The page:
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Wednesday, August 20, 2008

Waning Summer


On Sunday we met at a place called Jelly's, down by the ballpark, for a birthday brunch. Marie, the birthday girl, is the one in the center. It was in a sort of industrial setting on a pier near some tugboats, but the food was good. It was also out of the fog.


After brunch, I took Steve over to a nearby park I know from birding called Huffaker Park. It is along Mission Creek and there are these cool funky houseboats. In winter, there is often a rare warbler in that tiny park. It's a little strip of green amidst a very urban area.



Steve took pictures of some of the wildlife there.


These flowers are called "Naked Ladies." The leaves die back and the flowers pop up out of the ground as if from nowhere. They are harbingers of summer's end.


My friend Deb emailed me the other day that she harvested 75 tomatoes from a raised bed she had planted in a friend's yard. Here's my tomato harvest:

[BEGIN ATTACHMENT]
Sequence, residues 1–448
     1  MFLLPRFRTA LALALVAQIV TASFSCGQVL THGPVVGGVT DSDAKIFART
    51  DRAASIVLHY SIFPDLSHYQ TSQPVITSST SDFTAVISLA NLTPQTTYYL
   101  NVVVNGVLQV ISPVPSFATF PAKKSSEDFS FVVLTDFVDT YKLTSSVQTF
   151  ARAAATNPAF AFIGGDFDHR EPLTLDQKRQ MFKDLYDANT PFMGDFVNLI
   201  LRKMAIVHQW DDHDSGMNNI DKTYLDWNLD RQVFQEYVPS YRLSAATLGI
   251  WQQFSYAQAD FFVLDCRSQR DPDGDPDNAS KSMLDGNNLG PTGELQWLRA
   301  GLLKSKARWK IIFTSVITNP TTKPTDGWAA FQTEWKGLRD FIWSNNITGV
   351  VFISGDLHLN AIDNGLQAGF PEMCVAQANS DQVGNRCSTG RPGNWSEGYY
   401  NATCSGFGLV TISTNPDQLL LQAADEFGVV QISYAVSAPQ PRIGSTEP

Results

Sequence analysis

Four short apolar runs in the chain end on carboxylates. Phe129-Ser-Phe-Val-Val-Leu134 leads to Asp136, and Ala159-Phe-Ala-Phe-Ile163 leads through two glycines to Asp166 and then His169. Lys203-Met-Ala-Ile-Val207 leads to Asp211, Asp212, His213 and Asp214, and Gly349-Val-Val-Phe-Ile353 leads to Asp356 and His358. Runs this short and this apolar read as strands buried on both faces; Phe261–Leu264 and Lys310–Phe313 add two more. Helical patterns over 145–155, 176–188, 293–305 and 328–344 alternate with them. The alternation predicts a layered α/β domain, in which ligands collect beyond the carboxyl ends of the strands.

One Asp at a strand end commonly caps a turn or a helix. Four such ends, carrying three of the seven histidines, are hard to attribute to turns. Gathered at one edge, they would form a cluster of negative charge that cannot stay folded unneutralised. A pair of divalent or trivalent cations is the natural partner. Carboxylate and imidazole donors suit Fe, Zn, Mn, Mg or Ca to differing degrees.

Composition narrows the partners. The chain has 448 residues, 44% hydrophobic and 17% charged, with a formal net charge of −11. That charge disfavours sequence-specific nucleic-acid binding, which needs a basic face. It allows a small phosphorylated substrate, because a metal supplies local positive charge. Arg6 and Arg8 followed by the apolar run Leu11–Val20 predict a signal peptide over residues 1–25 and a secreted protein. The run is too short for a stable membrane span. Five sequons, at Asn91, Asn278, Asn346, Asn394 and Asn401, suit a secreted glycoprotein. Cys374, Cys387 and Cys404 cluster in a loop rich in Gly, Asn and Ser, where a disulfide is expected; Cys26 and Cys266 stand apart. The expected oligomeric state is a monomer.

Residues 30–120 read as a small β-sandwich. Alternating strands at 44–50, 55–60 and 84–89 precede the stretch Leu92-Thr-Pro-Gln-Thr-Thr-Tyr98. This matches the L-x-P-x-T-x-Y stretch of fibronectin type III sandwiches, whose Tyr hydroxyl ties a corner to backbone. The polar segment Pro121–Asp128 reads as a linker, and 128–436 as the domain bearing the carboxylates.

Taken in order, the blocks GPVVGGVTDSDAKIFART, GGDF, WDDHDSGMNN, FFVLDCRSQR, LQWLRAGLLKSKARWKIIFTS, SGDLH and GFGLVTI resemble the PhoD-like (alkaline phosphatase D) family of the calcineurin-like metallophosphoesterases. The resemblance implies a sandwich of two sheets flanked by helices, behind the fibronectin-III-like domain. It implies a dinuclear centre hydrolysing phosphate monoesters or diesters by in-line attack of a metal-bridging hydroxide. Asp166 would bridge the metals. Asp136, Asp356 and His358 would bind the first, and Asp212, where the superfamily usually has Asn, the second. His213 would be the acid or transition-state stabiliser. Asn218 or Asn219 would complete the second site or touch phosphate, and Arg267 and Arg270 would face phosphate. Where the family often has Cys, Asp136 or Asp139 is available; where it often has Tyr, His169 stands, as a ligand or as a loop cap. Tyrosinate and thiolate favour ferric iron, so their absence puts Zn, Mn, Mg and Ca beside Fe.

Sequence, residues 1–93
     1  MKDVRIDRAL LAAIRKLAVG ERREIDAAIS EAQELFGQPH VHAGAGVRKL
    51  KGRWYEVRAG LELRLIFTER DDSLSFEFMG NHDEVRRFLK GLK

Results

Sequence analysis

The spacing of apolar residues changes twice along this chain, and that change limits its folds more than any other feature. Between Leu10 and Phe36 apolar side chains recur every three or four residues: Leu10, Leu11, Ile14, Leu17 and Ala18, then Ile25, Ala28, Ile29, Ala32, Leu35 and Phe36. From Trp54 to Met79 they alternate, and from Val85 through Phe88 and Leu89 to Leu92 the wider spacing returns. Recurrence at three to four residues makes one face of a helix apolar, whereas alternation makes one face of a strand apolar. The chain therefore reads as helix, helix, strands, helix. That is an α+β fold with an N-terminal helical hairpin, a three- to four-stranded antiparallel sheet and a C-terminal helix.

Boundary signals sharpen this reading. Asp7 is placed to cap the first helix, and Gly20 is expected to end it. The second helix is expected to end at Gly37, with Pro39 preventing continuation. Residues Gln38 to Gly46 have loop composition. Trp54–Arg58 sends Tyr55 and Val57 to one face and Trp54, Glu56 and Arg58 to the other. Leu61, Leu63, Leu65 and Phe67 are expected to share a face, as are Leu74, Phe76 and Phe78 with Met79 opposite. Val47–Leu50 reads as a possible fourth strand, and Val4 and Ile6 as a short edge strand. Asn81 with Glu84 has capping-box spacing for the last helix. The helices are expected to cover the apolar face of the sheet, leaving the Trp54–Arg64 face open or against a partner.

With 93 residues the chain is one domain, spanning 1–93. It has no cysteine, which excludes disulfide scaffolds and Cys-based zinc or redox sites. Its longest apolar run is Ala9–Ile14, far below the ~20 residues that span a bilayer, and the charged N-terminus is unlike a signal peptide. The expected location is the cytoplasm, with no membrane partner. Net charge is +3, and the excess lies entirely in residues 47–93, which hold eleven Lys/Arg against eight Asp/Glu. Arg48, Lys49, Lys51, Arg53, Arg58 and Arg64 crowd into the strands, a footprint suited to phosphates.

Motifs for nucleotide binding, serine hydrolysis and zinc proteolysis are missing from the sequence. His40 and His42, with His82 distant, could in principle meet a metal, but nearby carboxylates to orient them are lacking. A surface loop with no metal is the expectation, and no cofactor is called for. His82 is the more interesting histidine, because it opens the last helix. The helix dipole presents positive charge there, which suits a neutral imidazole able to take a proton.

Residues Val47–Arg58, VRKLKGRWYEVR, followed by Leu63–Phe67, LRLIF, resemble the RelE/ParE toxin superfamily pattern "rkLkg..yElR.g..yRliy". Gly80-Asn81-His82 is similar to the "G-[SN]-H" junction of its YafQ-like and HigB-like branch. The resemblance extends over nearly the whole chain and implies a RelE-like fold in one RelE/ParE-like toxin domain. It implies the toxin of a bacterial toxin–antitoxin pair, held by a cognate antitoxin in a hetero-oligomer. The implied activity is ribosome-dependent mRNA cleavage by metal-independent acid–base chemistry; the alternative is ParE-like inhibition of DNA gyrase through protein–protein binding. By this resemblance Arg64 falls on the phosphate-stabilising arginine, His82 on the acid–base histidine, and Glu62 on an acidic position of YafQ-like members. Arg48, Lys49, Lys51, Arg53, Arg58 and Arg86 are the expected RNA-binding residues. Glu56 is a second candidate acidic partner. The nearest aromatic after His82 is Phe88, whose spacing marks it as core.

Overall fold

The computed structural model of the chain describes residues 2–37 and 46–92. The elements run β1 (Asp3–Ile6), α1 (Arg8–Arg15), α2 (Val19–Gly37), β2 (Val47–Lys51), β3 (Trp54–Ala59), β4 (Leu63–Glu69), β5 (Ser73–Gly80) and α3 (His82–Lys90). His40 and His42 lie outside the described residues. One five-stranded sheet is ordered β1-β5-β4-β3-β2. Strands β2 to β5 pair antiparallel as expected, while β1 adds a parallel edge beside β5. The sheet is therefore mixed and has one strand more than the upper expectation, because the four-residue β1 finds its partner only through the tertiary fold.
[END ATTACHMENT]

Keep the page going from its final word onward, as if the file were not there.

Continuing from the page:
Besides the varmints devouring the tomatoes before they can even start to get ripe, my plants are getting their wilt.


I was watering and surveying the damage this afternoon. This chestnut backed chickadee came in to swipe a black oil sunflower seed from the feeder about 4 feet from where I was sitting.


Ms. E. was giving me this baleful look from her perch, so I was persuaded to bring her out for an airing in the eddying swirls of fog.

2 comments:

Linda said...

Ms. E. has the best perch in the world. Did you read this great interview with Barbara Kingsolver about tomatoes?

http://www.sfgate.com/cgi-bin/article.cgi?f=/c/a/2008/08/23/HORN11T9OR.DTL

Dorothy Reinhardt said...

I just read it now. I have her book, Animal, Vegetable, Miracle. I thought I was going to love it, but I've had trouble with the "preachy" tone of it. Well, I don't have to worry about recruiting people to help me can my tomato crop, do I?